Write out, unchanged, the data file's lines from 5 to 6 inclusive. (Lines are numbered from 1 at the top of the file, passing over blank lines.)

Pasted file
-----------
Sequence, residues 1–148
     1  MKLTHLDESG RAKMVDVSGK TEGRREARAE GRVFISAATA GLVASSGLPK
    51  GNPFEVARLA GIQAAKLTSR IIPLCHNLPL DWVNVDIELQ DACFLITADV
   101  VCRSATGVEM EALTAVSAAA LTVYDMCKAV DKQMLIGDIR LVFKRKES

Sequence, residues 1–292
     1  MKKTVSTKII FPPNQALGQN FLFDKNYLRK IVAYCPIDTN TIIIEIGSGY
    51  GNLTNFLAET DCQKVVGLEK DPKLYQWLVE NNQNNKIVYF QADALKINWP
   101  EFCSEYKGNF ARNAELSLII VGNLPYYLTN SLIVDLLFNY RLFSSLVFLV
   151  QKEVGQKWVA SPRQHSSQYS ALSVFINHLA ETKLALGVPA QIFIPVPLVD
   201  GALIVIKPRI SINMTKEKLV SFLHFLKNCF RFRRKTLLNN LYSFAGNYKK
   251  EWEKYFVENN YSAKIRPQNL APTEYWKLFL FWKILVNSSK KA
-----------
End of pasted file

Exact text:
Sequence, residues 1–292
     1  MKKTVSTKII FPPNQALGQN FLFDKNYLRK IVAYCPIDTN TIIIEIGSGY